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Construction employment added 2,000 jobs on net in April, according to www.abc.org. On a year-over-year basis, the industry has expanded by 235,000 jobs—an increase of 3.2%.
The construction unemployment rate fell from 6% in March to 4.6% in April. The national unemployment rate for all industries was unchanged at 3.6% in April as the U.S. economy added 428,000 jobs.
Nonresidential construction lost 2,000 jobs in April, with all job losses coming from the nonresidential specialty trade segment, which lost 6,400 jobs. Nonresidential building added 3,900 jobs, and heavy and civil engineering added 500 jobs.
“The strength of the U.S. economy is fading, but labor market data tend to be lagging indicators,” said Associated Builders and Contractors Chief Economist Anirban Basu. “For now, the labor market remains strong as contractors and other employers compete for scarce skill sets. In March, there were approximately 11.5 million available, unfilled jobs in America, roughly 400,000 of them in construction. As more people return to the labor force, some chasing higher wages, America continues to add jobs at a rapid pace.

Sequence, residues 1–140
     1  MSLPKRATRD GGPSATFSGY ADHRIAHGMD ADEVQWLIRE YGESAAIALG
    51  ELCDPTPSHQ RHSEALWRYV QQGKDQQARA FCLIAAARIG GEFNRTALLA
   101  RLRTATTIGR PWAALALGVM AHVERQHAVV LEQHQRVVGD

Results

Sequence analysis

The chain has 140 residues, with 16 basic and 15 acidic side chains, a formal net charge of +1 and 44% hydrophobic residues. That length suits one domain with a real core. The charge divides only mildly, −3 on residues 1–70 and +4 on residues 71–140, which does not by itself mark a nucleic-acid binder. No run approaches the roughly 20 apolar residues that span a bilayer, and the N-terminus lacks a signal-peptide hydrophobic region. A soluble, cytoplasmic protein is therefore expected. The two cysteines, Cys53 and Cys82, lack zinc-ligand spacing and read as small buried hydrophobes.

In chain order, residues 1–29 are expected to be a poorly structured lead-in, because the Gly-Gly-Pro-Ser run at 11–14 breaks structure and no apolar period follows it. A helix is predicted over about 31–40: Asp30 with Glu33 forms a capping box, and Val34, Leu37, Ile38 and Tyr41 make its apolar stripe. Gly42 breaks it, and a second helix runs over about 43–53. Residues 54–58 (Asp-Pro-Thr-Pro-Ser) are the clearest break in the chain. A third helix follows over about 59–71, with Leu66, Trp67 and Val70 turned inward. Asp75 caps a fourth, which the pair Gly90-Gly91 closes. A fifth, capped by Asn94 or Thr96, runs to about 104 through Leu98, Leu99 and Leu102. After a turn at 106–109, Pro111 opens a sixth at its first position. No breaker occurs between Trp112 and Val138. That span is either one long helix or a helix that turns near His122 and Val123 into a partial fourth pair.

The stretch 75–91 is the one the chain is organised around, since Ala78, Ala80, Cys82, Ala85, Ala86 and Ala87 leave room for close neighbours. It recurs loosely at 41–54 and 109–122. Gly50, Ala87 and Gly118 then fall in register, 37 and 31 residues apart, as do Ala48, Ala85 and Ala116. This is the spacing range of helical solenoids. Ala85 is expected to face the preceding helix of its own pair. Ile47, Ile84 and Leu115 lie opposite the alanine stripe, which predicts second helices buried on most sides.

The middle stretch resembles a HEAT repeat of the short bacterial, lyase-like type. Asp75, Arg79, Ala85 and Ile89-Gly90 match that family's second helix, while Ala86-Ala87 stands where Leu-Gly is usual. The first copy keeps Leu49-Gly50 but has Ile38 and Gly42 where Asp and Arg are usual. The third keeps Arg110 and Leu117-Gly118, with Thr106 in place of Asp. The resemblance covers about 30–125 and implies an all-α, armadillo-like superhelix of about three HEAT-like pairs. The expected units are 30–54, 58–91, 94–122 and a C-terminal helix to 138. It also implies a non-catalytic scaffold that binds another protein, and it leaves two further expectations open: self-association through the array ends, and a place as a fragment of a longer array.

“For now, that will help support economic momentum,” Basu continued. “Not only are job totals climbing, but many people are earning far more than they did pre-pandemic, fueling household spending power and keeping the recovery afloat. But with inflation steadily hammering away at household balance sheets and interest rates rising, spending growth will slow, and so will the pace of employment gains.”
Basu said ABC’s Construction Confidence Index shows contractors generally expect to hire workers during the coming months.
"Many construction firms report operating at capacity,” Basu said. “Hiring is a mechanism to expand that capacity. But with the cost of capital, materials and labor rising, demand for private construction services could soften next year. The risk of recession continues to rise.”